The cultural complex in the psyche of the individual: clinical cases In this part, the authors have focused their attention on the cultural complex as it lives in the psyche of the individual as revealed in clinical case material. In Part III, the reader can see how the cultural complex takes on a life in the psyche of the individual and can cause considerable disturbance. It is an enormously important topic because it offers the psychotherapist and others the possibility of differentiating personal complexes from cultural complexes as they appear in the clinical material of patients.

The cultural complex and individuation of the group Originally, we did not include the topic of the “cultural complex and the individuation of the group” as one of our parts for the structure of the book. But it became clear that many authors were concerned with “healing” and with the idea

Introduction 9

that complexes – individual or cultural – can be the cutting edge of individuation, whether it be in the individual or the group. This theme emerged as we began to receive contributions from various authors. How does a complex lead to growth or development? How can a complex be healed? There are some suggestions in these chapters and it is certainly a worthy topic. What is the fate of cultural complexes? Can they lead to healing or transformation for a large group of people?

Acknowledgements Diagram of the psyche as formulated by Jung reprinted from McGuire, W. (1989) Bollingen: an adventure in collecting the past by permission of Princeton University Press © 1989.

References Jung, C.G. (1925/1989) Analytical Psychology: Notes of the Seminar Given in 1925, W. McGuire (ed.), Princeton, NJ: Princeton University Press. —— (1936/1970) “Wotan,” Collected Works, vol. 10, Princeton, NJ: Princeton University Press. —— (1963) Memories, Dreams, Reflections, Aniela Jaffé (ed.), New York: Pantheon. Maidenbaum, A. (ed.) (2002) Jung and the Shadow of Anti-Semitism, Berwick, ME: Nicholas-Hays. Perry, J.W. (1970) “Emotions and Object Relations,” Journal of Analytical Psychology, 15(1): 1–12.

Part I

The cultural complex in the psyche of the group

In this part, the authors focus on the cultural complex as it expresses itself in the psyche of the group. Part I includes historical and contemporary examples of cultural complexes. Authors from several different countries have identified what they consider to be the most potent and disruptive cultural complexes in their respective countries including Australia, Mexico, the United States, England, Japan and Brazil. The focus in these chapters is on the cultural complex as it exists in the collective psyche of the group. Each author has a unique way of understanding and describing the reality of cultural complexes. Thomas Singer sketches the development and central themes of the theory of cultural complexes and gives historical and contemporary examples of its application. Jacqueline Gerson goes to the history and legend of the Conquest of Mexico to understand a deep sense of inferiority and betrayal in the Mexican psyche. Craig San Roque tells a wild, poetic, impressionistic tale of a weekend in Alice Springs, Central Australia. He takes the reader into the “eye of the storm” of a cultural complex that is devastating the Aboriginal people. Out of the initial sense of confusion and chaos emerges the author’s intuitive creativity reflecting through its own deep responsiveness the profoundly disorienting and destructive effects of the clash of two cultures and their complexes. Joseph Henderson sees the folly in the eternal, Western “Foot-race for a Prize” which originates in the archetypal pattern of the Olympic games and easily becomes frozen in a cultural complex. Manisha Roy makes a most important distinction between a “cultural archetype” and a cultural complex in her analysis of the perfectionism of the Puritan tradition. Luigi Zoja elegantly demonstrates the onset of a cultural complex in the encounter between the eternal time of Montezuma and the linear time of Cortés. Toshio Kawai utilizes the novels of Haruki Murakami as a psychological frame to look at postmodern consciousness in Japan. He portrays this postmodern consciousness and its dissociative states of being as symptomatic of a loss of connection to the stable and enduring worlds of mythology and the containing structures of culture and family. Denise G. Ramos dissects the cultural complex of corruption in Brazil in a careful analysis of its collective psyche. Finally, Andrew Samuels takes a careful and critical look at the practice of Western psychotherapy itself as the unwitting carrier of its own cultural complexes.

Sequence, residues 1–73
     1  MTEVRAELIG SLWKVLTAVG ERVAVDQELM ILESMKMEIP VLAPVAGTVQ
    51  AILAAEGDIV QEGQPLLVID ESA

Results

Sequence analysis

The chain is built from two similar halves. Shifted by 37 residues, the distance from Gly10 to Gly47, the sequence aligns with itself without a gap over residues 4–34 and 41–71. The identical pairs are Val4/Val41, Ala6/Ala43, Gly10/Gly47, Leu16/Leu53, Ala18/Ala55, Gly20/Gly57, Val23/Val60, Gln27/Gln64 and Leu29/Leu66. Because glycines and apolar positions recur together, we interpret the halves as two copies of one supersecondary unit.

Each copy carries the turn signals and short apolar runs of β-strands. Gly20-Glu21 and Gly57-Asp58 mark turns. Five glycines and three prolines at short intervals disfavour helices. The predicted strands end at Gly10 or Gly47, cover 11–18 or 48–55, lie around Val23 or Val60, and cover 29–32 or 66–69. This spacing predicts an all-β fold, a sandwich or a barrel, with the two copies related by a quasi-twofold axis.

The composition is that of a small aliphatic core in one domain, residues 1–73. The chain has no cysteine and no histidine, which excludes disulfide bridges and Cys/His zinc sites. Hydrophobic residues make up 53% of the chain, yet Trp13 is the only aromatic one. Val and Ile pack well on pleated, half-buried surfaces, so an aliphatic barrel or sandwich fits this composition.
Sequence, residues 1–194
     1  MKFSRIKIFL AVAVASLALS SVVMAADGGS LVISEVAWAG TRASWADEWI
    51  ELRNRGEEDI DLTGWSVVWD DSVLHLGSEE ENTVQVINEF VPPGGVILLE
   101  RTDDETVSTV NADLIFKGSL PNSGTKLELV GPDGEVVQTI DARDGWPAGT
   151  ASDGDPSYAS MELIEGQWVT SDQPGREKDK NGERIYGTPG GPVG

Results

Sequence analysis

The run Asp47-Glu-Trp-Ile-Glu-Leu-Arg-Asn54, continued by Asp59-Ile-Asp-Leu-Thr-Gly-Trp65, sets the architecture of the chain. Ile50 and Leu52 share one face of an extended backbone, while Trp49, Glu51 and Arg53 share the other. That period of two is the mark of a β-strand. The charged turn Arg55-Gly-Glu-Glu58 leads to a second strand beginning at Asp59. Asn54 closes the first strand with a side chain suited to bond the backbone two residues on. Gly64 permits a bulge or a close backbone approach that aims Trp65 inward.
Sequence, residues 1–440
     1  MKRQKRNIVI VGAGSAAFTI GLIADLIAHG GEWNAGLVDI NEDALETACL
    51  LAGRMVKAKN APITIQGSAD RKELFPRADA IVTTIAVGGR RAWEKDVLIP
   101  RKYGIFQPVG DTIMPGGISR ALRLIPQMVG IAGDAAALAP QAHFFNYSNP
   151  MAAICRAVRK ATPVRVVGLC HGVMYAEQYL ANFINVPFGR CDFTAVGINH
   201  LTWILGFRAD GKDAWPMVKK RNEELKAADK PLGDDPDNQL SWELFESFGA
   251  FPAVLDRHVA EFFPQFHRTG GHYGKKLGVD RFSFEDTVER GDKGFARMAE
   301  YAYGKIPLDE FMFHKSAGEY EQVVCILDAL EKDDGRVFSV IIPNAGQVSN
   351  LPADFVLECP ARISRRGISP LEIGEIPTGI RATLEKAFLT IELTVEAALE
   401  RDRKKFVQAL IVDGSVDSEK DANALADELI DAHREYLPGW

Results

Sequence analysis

Chapter 1

The cultural complex and archetypal defenses of the group spirit Baby Zeus, Elian Gonzales, Constantine’s Sword, and other holy wars (with special attention to “the axis of evil”) Thomas Singer